(Above): (From l-r): Bollywood stars Priyanka Chopra, Ranbir Kapoor and Shilpa Shetty at the Mijwan Fashion Show in Mumbai, Jan. 23.
Fashion shows always light the imagination of people who love to wrap themselves in beauty, and often raise money for good causes. Rarely, however, do they celebrate the dramatic changes in the lives of young girls, whose futures had been determined by traditions, thousands of years old, before the Mijwan Welfare Society, writes Jennifer Neale.
The Mijwan Fashion Show held in Mumbai, Jan. 23 was created by award-winning Bollywood actress Shabana Azmi. The event displayed elegant designs by India’s versatile fashion designer Manish Malhotra.
About twenty three Bollywood stars and twenty top models walked the ramp in these outfits dazzling a crowd of 300 guests attending the event to recognize Shabana Azmi’s father, who inspired her, and the people who helped make a difference in Mijwan.
“My father, Kaif Azmi, was a rare poet who practiced what he preached in life,” says Shabana Azmi. “After getting a paralytic stroke which incapacitated his left arm and leg, he gave up the comforts of Mumbai and settled Mijwan, a village frozen in time. Today, Mijwan is becoming a model village, but it was an arduous journey. I remember asking him how he did not become frustrated when change would not occur at the pace he wanted, and he answered with calmly — “When working for change, you should build into that expectation that change might not happen in your lifetime, but this should not stop your efforts, even if they happen after you.” ”
The Mijwan Welfare Society (www.mijwan.org) now has four training centers, and is responsible for changing a village tradition that viewed daughters as 2nd class, did not provide them any education, and called for their marriages to be arranged at the age of 12 or 13.
(Above): (L-r): Bollywood stars Hrithik Roshan and Anushka Sharma at the Mijwan Fashion Show in Mumbai, Jan. 23.
Dr. Nilima Sabharwal, founder of Home of Hope (www.hohinc.org), was one of the people who helped move Mijwan forward. She met Shabana Azmi at a party hosted by a mutual friend in San Francisco, in 2000.
Upon learning that there was a very little school there that taught a few young girls to sew, she was anxious to visit this village on her next trip to India. “In the Uttar Pradesh area, each village seemed more dilapidated and dismal than the one we had just driven through,” explained Sabharwal.
“When I found the school, things seemed to be getting worse. In the very small dark room, with no lights, there were these young girls sitting on the floor and leaning against the walls while they embroidered fabrics by hand, because there were no chairs. There was no bathroom and the women had to go into the fields when necessary. It was impossible to not help these women!”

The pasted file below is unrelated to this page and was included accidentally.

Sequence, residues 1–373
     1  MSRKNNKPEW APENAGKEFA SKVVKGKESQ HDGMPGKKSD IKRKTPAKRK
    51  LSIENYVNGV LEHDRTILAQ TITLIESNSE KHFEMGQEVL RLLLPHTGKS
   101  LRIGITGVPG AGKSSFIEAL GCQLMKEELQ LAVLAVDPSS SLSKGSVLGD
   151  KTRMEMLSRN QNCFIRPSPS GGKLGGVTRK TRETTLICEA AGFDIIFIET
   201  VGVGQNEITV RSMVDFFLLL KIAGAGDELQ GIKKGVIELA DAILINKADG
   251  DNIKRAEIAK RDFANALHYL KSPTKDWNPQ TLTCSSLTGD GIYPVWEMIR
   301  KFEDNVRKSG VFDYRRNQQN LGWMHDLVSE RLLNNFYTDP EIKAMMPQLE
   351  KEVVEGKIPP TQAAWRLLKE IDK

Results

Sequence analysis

After returning to California, she appointed Dr. Nalini Bhat for this job. The first step was to supply more sewing machines. Because electricity was unreliable in the village, 10 foot-pedaled sewing machines were purchased. A teacher was hired, and bathrooms were installed. The second step was to add more courses and a larger school being build, and a generator was purchased so small fans could keep the air moving during the hot season.
To encourage the families to send their daughters to the training program, Dr. Bhat designed a stipend program. This was done as an experiment, and covered the costs for two years, so progress could be measured, and the daughters could experience for the first time the feeling of earning their own independence.
(Above): (Top): Shabana Azmi (c) with children at Mijwan Welfare Society, an NGO that works for the empowerment of villagers in Mijwan in Azamgarh, Uttar Pradesh, India. (Bottom): A known feminist, Kaifi Azmi was focused to uplift the lives of rural women. He started a training school for tailoring and embroidery for girls in Mijwan, U.P. This center is funded by an U.S.-based non-profit organization Home of Hope, Inc.
Now, just 8 years later, a tradition that restrained the imagination and curiosity of these young women has been removed. The girls are now able to earn money, have been taught how to keep track of their income and the third step has been introduced, and the school has expanded into a production site.
Bollywood star Ranbir Kapoor joined the cause of Mijwan Welfare Society, recognizing that 50% of the Indian population is under the age of 25. He acknowledges that attention must be turned towards rural India, and focus on empowering the girl child.
“In Mijwan we run a school, a college, a computer center and sewing and chikankari center,” says Shabana Azmi. “I was told that the embroidery work of my girls in Mijwan was so exquisite, that butterflies would be tempted to sit on them! I hope that you have a spare moment to see their fine work online. These garments and embroidery at the Mijwan Fashion Show will catch your breath.”
Rupali Saiya began Crafts of Hope, a division of Home of Hope, when she was only 15 years old. When she visited Mijwan, she taught the girls how to crochet and knit, and their products are now being sold in the United States.
“We have no middle people, here are HOH,” states Sabharwal, “but all are volunteers, and are proud that we have positively touched the lives of 50,000 children. We are directly in touch with our kids, and to watch them blossoming is their gift to us.”